Urban Transportation:

Reducing Vehicle Emissions With Transportation Control Measures

RCED-93-169: Published: Aug 3, 1993. Publicly Released: Aug 3, 1993.

Additional Materials:

Contact:

Kenneth M. Mead
(202) 512-2834
contact@gao.gov

 

Office of Public Affairs
(202) 512-4800
youngc1@gao.gov

Pursuant to a congressional request, GAO reviewed the use of transportation control measures (TCM) to control automobile-source emissions, focusing on: (1) TCM effectiveness in reducing pollution; and (2) whether TCM can be implemented in areas that do not have air quality standards.

GAO found that: (1) although traditional TCM are projected to reduce overall emissions by only 5 percent, transportation planners believe that TCM, in conjunction with other pollution reduction programs could help localities achieve greater reductions in air pollution and meet pollution legislation requirements; (2) 56 percent of metropolitan planning organizations stated that TCM would receive strong emphasis in their transportation programs over the next 5 years; (3) market-based TCM that create financial disincentives and attempt to change travel behavior may be more effective than traditional TCM in reducing automobile and carbon monoxide emissions; (4) although the Department of Transportation and the Environmental Protection Agency (EPA) are encouraging states to implement more market-based TCM, such as gasoline taxes or emissions fees, these measures are often costly and economically and politically unpopular; (5) localities that cannot obtain support for market-based TCM can maximize the benefits from traditional TCM by focusing on specific congested corridors and implementing TCM that reduce the number of trips and miles traveled; and (6) more TCM research is needed to determine its overall effectiveness, update literature that is outdated, and help justify future market-based measures.

Recommendations for Executive Action

  1. Status: Closed - Implemented

    Comments: The Department responded that it may not have statutory authority to require local areas to assess the effectiveness of implemented TCM, and that lead responsibility for such a requirement rests with EPA under the state implementation plan process. In addition to encouraging states and localities to assess the effectiveness of implemented TCM, however, DOT and EPA have issued and disseminated reports on TCM effectiveness, and provide related technical assistance to states and MPOs.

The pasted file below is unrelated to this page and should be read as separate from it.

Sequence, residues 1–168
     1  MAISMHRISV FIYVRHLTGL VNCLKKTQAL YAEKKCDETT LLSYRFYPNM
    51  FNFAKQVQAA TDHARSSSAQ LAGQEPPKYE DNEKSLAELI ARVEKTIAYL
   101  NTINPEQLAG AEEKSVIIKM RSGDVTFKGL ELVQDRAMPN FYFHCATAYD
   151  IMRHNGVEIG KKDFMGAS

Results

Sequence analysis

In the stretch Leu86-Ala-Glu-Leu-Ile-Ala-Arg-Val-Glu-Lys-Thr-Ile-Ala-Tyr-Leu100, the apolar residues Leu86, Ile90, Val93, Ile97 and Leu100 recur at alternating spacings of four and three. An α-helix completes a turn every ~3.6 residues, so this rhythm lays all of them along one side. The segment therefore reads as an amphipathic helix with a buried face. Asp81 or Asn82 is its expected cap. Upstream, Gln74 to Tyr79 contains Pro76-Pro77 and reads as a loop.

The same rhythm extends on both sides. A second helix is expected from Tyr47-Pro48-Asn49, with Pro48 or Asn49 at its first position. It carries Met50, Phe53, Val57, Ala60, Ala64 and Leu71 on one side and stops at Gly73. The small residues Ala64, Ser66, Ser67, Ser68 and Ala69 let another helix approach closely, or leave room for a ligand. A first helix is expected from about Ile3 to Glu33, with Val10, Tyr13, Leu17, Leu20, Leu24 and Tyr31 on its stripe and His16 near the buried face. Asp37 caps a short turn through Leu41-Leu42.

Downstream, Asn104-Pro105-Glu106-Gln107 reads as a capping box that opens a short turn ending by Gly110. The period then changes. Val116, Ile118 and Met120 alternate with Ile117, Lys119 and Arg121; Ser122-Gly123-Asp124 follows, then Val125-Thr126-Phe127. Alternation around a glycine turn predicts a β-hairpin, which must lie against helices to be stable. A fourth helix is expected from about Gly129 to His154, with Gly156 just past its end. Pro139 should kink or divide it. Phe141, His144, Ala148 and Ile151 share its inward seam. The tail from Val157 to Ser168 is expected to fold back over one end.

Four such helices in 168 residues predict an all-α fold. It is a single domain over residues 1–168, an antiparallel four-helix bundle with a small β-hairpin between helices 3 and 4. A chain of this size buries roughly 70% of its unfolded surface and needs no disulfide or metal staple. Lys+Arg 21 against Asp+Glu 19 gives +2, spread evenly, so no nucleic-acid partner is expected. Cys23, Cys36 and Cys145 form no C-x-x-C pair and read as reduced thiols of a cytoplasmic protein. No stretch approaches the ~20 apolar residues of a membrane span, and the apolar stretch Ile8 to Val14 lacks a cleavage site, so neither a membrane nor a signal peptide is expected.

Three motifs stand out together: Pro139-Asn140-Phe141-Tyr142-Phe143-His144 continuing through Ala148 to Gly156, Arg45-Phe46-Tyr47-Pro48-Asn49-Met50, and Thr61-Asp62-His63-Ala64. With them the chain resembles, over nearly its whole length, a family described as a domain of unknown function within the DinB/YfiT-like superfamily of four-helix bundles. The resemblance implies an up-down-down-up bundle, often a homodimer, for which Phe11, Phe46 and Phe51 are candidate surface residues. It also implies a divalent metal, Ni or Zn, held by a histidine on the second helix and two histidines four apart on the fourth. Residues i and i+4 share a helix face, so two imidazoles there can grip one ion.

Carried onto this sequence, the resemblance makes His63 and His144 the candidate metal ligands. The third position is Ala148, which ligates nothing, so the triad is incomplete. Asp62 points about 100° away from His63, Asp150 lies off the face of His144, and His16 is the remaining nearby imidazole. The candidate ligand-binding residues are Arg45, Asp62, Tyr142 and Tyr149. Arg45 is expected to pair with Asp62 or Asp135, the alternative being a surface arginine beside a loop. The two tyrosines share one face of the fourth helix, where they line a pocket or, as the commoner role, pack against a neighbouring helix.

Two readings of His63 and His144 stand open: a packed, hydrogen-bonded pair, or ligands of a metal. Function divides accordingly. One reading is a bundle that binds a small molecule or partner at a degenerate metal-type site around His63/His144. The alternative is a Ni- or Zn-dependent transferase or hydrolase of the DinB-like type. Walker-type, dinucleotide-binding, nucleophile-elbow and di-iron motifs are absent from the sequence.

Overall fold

Recommendation: The Secretary of Transportation and the Administrator, EPA, should require local areas to assess the impact of implemented TCM on reducing emissions.

    Agency Affected: Environmental Protection Agency

  2. Status: Closed - Implemented

    Comments: EPA has followed up recent efforts to provide states and localities with methodological tools to assess the effectiveness of TCM. In addition to publishing overviews on the effectiveness of specific TCM and the techniques used to estimate their effectiveness, EPA encourages states and local areas to collect effectiveness data in order to receive emission reduction credit in their state implementation plans.

    Recommendation: The Secretary of Transportation and the Administrator, EPA, should require local areas to assess the impact of implemented TCM on reducing emissions.

    Agency Affected: Department of Transportation

  3. Status: Closed - Implemented

    Comments: EPA has worked with DOT on a number of efforts to ensure states and localities have adequate information on TCM effectiveness. For example, EPA and DOT have completed a joint report to Congress on the effectiveness of TCM, and disseminated the report to state DOTs and air quality agencies, and MPOs. Also, EPA and DOT have funded a grant to the National Association of Regional Councils (NARC) to develop and disseminate information through manuals, reports, brochures, regional conferences, and workshops. NARC will prepare a document on TCM effectiveness and develop a series of outreach/education materials for metropolitan planning organization decisionmakers.

    Recommendation: The Secretary of Transportation and the Administrator, EPA, should cooperate in gathering and disseminating this updated information to states and localities in ozone and carbon monoxide nonattainment areas.

    Agency Affected: Department of Transportation

  4. Status: Closed - Implemented

    Comments: The Department of Transportation has completed a joint DOT/EPA report to Congress on the effectiveness of TCM, and disseminated the report to state DOTs and air quality agencies, and MPOs. Other DOT efforts are ongoing, including a consultant report overviewing existing literature on TCM effectiveness, and development of TCM evaluation tools.

    Recommendation: The Secretary of Transportation and the Administrator, EPA, should cooperate in gathering and disseminating this updated information to states and localities in ozone and carbon monoxide nonattainment areas.

    Agency Affected: Environmental Protection Agency

 

Explore the full database of GAO's Open Recommendations »

Sep 26, 2016

Aug 15, 2016

Jul 26, 2016

Jul 21, 2016

Jul 14, 2016

Jul 7, 2016

Jun 14, 2016

Looking for more? Browse all our products here